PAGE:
GM boosts moving incentive planGeneral Motors Corp...

BUSINESS DIGEST

August 05, 1994

GM boosts moving incentive plan

General Motors Corp., facing a shortage of workers at several parts plants, said yesterday that it will offer laid-off auto workers sweeter incentives to move to understaffed plants.

The plan, which includes a variety of moving assistance programs, such as subsidized mortgages, is aimed at reducing the number of GM workers -- now at about 2,200 -- laid off by various plant closings but still collecting paychecks .

Because some of these workers were located in shuttered plants that are not close to existing GM factories, the automaker has been forced to offer incentives to lure workers to move. Not enough have taken the offer, and GM has hired about 5,000 temporary workers this summer to fill in during vacations.

MedImmune loses $4.2 million

MedImmune Inc. said its second-quarter loss widened because of higher research and development costs for its CytoGam and RespiGam drugs.

The loss was $4.2 million, or 29 cents a share, compared with a loss of $3.4 million, or 25 cents, a year ago. Revenue for the quarter rose 70 percent, to $4 million.

The Gaithersburg-based maker of drugs for the treatment and prevention of infectious disease said its CytoGam antibody product, used to prevent cytomeglaovirus disease in kidney transplant patients, logged strong sales for the quarter and half.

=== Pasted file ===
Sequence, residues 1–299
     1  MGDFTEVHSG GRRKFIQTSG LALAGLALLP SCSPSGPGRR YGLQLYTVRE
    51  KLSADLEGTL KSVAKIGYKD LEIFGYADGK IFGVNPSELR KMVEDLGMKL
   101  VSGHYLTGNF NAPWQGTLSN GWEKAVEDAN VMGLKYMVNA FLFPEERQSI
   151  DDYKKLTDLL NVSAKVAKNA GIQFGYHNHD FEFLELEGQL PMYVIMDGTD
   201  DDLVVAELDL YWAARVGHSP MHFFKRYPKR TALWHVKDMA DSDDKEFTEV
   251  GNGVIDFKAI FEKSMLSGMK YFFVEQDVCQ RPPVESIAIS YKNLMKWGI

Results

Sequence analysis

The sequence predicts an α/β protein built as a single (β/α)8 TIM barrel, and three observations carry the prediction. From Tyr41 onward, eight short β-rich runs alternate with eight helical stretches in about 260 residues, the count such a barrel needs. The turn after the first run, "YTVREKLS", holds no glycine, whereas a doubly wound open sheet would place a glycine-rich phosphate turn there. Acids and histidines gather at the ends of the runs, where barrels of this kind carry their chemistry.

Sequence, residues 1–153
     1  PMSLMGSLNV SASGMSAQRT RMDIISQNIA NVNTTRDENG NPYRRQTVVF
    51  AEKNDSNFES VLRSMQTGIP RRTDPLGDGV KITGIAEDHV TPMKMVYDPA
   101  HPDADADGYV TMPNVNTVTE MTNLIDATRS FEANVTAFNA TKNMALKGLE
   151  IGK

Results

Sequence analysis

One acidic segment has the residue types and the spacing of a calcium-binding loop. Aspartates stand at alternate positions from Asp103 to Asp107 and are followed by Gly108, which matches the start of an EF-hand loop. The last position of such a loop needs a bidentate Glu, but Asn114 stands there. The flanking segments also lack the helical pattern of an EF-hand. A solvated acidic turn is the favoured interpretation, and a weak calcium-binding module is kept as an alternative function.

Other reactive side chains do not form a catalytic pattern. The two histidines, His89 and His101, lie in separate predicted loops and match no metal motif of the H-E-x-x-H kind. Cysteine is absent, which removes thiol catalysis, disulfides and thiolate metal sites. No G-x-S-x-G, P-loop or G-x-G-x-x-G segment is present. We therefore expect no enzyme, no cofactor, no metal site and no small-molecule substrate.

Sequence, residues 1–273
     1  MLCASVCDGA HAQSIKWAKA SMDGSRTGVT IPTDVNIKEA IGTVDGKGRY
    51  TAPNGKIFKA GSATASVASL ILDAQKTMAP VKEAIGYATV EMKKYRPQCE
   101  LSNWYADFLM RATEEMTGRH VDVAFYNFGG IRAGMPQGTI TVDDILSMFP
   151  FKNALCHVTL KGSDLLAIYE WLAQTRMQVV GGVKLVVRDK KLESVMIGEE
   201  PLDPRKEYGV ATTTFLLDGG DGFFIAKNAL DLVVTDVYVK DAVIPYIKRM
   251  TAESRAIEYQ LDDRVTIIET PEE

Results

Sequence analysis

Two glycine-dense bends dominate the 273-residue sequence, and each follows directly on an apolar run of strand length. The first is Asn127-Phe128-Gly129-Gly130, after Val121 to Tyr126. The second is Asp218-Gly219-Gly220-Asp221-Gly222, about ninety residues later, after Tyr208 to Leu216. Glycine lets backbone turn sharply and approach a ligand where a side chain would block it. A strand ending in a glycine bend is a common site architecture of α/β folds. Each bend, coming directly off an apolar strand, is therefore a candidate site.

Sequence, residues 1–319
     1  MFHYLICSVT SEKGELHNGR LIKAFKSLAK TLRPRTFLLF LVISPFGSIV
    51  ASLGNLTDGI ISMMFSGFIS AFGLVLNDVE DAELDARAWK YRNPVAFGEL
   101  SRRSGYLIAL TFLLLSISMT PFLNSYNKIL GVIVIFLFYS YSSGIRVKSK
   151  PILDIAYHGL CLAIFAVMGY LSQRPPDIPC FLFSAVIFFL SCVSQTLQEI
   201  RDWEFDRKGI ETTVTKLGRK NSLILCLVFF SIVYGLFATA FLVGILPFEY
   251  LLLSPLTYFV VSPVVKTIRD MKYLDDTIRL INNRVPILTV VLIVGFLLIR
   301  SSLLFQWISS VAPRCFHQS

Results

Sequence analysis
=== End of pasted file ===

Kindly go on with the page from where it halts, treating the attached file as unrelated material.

CytoGam sales rose 67 percent, to $3.1 million, in the second quarter and 64 percent, to $5.6 million, in the first half.

MedImmune shares gained 25 cents yesterday, to close at $5.25, in Nasdaq trading.

TWA plans to cut 500 jobs

Financially struggling TWA said yesterday that it was eliminating 500 jobs now -- most of them at Kansas City's overhaul base -- and up to 2,800 more worldwide within a month.

The cuts will total about 13 percent of TWA's global work force.

Oncor loses $5.3 million in quarter

Oncor Inc. reported a 28 percent gain in sales during the second quarter, but its net loss for the quarter doubled because of a one-time charge of $2.5 million for the purchase of software technology.

Sales for Gaitersburg-based Oncor rose to $2.7 million in the three months that ended June 30, compared with $2.1 million in the same period last year. The company lost $5.3 million, or 27 cents a share, in the second quarter, compared with $2.7 million, or 17 cents a share, in the previous quarter.

Oncor develops, manufactures and markets genetic test systems and related products for treatment of cancer and genetic diseases. Its shares closed yesterday at $5.125, unchanged.

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